Give me 20 minutes and you’ll have a small business content marketing strategy.
In 2007, I answered a classified ad for a position at a small mom & pop company selling printing supplies. The first few weeks took me a while to get up to speed. Fast forward three years and my hands helped the company deliver more than 250 new products.
I also contributed to hundreds of in-depth product guides and a YouTube account boasting nearly half a million combined views.
I now find myself on the opposite in the role of a freelancer.
Since my journey into blogging and business, I’ve landed hundreds of thousands of visitors; all of these visitors came from content.
The New Small Business Call to Arms
I’ve talked with tons of small business owners over the years.
The lack of support for online content is astounding.
Here I was – someone fully aware of the power of online content. I couldn’t get through to them. Small business owners, I quickly found out, are very resistant to new forms of lead generation. They have spent so much time and effort into traditional advertising vehicles.
Here’s what I want: All small business owners to open their mind about blogging for business.
Investing just 20 minutes of your day or just $100 of your advertising budget for content creation is really all that’s needed to take a small business and prop it on the same level as the big boys.
What and Why of Content Marketing
The term content marketing has been getting slung around quite frequently as of late. I don’t believe many people truly understand the ‘what’ and ‘why’.
The what: Content marketing is, simply, using online content to bring awareness to your business brand, drive leads, and be used as a vehicle for your marketing message.
The why: Online content is forever; this means that every dollar you spend on content creation will remain a marketing tool as long as it can be found (vs. paid advertising which is done once your budget runs out).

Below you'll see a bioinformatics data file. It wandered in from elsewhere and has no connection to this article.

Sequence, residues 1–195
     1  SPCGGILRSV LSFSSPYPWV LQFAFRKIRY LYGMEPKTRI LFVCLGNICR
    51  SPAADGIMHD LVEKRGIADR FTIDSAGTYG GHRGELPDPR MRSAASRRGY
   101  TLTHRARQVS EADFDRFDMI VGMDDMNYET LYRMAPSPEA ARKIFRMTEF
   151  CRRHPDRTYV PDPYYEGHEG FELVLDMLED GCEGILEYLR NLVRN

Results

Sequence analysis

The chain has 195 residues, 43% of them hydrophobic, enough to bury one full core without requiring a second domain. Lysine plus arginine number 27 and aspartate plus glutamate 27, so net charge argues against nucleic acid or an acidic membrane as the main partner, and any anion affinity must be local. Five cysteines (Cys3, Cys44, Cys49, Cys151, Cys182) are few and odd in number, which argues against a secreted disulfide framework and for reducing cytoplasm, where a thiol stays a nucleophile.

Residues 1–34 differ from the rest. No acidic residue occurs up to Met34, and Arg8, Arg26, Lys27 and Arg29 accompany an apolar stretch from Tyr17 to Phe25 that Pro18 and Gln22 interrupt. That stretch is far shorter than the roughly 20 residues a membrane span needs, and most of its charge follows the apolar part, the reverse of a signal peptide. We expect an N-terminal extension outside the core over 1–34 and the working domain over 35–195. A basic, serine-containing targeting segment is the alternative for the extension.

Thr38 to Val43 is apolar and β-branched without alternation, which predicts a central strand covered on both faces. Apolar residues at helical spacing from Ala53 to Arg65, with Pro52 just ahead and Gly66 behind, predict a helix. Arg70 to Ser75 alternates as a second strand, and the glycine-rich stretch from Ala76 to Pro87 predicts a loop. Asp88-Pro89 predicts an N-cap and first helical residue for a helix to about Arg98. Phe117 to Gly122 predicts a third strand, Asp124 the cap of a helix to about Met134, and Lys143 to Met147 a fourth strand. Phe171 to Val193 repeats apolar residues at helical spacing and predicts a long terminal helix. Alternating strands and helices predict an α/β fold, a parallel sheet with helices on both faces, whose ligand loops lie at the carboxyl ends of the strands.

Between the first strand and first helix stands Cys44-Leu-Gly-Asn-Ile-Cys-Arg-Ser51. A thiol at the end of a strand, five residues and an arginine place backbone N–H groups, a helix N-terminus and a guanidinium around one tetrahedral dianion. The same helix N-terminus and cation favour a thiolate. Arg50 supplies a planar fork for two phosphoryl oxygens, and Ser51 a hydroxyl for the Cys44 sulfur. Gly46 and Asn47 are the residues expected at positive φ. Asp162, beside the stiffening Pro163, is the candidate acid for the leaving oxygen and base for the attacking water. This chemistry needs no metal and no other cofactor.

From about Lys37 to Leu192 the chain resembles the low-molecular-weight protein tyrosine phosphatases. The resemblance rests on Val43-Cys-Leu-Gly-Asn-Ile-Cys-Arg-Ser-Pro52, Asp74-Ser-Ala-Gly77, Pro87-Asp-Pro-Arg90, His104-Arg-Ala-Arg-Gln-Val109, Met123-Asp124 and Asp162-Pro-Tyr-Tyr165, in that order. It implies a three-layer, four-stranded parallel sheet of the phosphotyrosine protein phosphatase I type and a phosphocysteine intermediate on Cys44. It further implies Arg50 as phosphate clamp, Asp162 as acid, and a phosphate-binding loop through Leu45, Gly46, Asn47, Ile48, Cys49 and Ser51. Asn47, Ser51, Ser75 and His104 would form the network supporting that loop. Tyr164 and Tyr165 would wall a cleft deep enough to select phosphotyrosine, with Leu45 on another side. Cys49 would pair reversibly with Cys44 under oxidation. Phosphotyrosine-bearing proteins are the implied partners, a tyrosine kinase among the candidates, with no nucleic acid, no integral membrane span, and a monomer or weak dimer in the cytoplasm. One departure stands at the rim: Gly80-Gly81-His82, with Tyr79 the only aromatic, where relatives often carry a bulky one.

For a small business, $100 is a small investment for what could potentially be their greatest marketing asset. $100, in the hands of the right business owner, could become a slew of powerful articles, a few engaging videos, or a set of valuable products.
Each of these investments fuels the content marketing arsenal which builds upon itself as the amount of content grows – it’s compound in nature.
Let me give you an example of effective content marketing from the business I worked for:
We decided we would show video instructions on how to use one of our products. Previously, there had already been written instructions (with pictures). YouTube had begun to take off in a big way and there was little to no competition for what we had planned.
Using an inexpensive camera and video editing tools, all we did was record the process of using our product (which we would have done anyway as part of a normal work routine). After the video was shot, I worked with my boss to add sections and title screens to the video. In a day, the video was done.
With a bit of keyword research, we uploaded the video to YouTube. From where it stands now, the original video has some 50,000 views. 50K is chump numbers to today’s standards but remember this is an instructional video promoting a flagship product.
The kicker is the video was created for just one model – we had thousands in our database giving us thousands of video ideas and opportunities.
Ideas and Know-How are Already There
Every small business I have talked to about content marketing generally responds the same way:
“Yeah, but what do I make? I’m not good at writing!”
That’s just it, you don’t have to be a great writer to implement a content marketing strategy into your business. In fact, nearly every idea will come from your current knowledge of operating your business.
If you don’t have ideas then your employees (and customers) sure as hell do.
Consider your daily routine of operating your business.
- Do you get questions from customers and spend 20 minutes answering them?
- Do you and your employees have an intimate knowledge of your products and how to use them?
- Do you have documentation (like product guides) that explains, to customers, how to operate your products?
Well, you have a ton of great, potential content.